c) Propose and implement real alternatives to the drilling of boreholes outside the park in order to reduce the straying of cattle in the overall context of seasonal migration in Senegal
The State Party reports that, with the support of the project “Livestock farming as a means of subsistence: strengthening the strategies for adaptation to climate change through improved management of the livestock-wildlife-environment interface”, further meetings were organised with local communities of Diénoudiala, Oubadji, Médina Gounass and Lingkéring. The objective of these meetings was to resolve in a participatory way the pressures on the property by improving the conservation of natural resources and animal husbandry practices in its periphery, but no results of the meetings have been detailed in the report.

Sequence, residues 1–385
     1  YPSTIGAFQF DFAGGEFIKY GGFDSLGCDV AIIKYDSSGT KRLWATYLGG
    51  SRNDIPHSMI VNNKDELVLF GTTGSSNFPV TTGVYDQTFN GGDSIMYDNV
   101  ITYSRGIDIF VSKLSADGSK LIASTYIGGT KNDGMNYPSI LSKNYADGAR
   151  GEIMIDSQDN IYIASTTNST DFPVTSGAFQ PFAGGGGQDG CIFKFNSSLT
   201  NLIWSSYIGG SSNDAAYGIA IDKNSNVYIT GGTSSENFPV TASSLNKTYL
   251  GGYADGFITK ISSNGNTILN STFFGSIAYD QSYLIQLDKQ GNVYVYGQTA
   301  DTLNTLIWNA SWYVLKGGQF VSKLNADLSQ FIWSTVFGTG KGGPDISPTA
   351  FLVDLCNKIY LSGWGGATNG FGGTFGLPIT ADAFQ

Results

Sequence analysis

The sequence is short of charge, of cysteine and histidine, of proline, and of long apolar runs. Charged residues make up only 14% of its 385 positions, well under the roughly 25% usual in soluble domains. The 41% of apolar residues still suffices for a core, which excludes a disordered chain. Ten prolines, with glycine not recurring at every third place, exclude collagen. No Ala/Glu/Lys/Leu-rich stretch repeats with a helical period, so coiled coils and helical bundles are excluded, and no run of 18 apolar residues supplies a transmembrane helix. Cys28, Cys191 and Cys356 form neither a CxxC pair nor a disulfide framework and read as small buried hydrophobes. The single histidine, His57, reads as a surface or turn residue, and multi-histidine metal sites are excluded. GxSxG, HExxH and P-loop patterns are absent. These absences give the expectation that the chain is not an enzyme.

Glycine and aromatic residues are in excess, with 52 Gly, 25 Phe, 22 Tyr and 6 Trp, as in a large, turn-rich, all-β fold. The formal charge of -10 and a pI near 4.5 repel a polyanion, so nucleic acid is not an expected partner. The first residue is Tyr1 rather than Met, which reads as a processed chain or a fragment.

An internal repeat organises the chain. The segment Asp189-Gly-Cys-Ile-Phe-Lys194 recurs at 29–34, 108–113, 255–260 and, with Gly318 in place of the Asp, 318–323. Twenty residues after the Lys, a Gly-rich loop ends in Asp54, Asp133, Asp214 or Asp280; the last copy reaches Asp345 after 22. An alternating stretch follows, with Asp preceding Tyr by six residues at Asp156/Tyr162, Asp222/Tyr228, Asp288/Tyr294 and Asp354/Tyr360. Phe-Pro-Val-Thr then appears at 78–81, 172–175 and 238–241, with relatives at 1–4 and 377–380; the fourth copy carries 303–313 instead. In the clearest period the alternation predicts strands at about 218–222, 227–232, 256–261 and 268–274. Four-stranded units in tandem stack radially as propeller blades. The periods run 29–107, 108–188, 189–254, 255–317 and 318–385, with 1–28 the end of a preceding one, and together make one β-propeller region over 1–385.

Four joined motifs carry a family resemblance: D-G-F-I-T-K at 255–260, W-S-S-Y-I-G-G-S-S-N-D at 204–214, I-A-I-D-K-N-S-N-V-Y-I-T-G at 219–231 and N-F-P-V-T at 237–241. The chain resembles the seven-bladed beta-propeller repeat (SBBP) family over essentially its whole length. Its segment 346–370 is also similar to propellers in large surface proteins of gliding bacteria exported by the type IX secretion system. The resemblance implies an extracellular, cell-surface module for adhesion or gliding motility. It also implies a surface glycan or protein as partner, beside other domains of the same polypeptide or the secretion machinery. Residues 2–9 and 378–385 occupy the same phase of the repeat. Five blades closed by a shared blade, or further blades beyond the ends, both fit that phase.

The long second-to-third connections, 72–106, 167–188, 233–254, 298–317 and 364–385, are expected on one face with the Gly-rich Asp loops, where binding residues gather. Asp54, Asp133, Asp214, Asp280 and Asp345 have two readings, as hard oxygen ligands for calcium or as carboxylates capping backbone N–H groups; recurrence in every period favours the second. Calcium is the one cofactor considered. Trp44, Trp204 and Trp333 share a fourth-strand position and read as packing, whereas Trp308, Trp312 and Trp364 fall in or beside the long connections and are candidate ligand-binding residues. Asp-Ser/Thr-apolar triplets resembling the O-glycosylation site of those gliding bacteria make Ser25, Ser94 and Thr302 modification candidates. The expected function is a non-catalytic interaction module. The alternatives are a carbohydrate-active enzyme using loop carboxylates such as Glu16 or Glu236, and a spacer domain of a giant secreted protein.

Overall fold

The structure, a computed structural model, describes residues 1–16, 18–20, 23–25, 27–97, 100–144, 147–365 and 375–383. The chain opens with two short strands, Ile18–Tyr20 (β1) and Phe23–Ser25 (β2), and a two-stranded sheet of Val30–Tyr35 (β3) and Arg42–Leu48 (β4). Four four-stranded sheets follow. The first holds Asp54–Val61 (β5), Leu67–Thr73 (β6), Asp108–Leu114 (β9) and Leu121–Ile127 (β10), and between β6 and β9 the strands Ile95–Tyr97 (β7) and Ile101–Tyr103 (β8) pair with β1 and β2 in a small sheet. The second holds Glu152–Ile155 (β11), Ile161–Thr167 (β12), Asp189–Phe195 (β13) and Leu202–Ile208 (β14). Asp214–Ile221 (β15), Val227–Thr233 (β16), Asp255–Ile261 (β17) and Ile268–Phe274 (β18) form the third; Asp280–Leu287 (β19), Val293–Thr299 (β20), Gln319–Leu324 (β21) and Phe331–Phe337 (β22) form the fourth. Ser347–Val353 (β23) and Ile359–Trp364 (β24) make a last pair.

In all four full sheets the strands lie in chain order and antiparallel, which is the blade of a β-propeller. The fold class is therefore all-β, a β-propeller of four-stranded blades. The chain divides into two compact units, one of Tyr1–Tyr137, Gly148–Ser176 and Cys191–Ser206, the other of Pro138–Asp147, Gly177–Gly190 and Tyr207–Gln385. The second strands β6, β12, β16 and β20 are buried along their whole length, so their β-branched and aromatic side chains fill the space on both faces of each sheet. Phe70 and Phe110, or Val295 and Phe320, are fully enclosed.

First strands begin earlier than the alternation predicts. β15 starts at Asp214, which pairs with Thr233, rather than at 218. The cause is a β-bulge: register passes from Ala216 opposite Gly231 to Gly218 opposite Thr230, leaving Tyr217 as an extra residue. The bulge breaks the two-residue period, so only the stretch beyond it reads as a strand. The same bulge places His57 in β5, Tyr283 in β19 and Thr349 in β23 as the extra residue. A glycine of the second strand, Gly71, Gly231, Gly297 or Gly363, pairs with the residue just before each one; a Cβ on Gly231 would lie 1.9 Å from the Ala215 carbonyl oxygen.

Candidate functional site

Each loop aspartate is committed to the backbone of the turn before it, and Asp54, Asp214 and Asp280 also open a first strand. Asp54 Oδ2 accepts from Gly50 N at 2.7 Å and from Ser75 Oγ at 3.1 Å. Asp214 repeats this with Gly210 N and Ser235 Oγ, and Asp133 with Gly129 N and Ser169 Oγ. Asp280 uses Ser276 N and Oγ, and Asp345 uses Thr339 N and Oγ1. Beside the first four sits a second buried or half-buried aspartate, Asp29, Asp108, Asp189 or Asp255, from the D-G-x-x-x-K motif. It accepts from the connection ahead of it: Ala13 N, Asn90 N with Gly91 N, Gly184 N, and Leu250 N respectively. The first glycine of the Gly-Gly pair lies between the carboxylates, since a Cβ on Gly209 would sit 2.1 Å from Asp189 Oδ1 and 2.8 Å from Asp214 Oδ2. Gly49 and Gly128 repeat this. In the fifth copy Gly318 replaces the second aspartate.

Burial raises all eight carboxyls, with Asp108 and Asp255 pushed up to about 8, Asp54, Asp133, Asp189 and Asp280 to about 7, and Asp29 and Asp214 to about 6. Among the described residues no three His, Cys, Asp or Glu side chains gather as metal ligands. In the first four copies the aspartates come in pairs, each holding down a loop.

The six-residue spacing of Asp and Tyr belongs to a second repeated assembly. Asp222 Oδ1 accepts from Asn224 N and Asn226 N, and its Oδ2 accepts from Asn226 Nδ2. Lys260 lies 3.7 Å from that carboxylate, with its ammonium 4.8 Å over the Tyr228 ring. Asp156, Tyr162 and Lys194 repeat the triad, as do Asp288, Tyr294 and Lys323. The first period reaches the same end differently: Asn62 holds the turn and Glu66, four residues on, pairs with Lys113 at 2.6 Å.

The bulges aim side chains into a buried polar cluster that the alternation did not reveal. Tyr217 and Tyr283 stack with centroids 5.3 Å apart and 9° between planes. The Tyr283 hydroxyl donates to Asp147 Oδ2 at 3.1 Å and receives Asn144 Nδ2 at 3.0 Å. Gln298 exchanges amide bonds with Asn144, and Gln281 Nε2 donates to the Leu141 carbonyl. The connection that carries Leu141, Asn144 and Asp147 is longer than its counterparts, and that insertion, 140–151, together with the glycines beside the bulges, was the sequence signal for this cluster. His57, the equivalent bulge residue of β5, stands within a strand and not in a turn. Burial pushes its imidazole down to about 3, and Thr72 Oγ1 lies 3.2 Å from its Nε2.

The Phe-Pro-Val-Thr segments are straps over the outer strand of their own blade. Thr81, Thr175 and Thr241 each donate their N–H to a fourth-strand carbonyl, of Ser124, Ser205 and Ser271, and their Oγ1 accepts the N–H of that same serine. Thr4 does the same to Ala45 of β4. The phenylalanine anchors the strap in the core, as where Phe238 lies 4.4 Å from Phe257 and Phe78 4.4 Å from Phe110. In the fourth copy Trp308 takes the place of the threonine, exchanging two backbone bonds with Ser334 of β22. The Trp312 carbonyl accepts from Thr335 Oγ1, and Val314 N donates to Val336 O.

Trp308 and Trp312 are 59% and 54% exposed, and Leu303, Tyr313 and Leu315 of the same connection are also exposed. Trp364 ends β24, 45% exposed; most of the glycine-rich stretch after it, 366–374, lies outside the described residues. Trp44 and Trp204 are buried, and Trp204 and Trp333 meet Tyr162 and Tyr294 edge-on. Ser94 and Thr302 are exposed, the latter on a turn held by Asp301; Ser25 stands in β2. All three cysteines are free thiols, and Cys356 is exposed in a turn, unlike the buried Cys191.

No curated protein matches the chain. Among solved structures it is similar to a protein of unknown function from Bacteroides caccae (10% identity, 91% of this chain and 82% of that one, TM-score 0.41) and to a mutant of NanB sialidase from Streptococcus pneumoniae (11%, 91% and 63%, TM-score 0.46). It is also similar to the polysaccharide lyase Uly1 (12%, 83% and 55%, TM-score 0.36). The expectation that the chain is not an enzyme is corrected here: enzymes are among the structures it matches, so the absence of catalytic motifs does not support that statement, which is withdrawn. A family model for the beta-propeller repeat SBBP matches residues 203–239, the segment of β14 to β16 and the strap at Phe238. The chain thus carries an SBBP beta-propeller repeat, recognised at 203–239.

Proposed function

Furthermore, the State Party notes that, with support from IUCN, a network of the fifteen Presidents of the different Rural Councils bordering the property is being created, with the objective to provide a basis for consultation which should lead to partnerships between the Parc and local communities for better management of the values of the property.
Finally, the State Party notes that a Steering Committee for the property is being created, which will provide advice on the matter of biodiversity conservation in the property and its surroundings.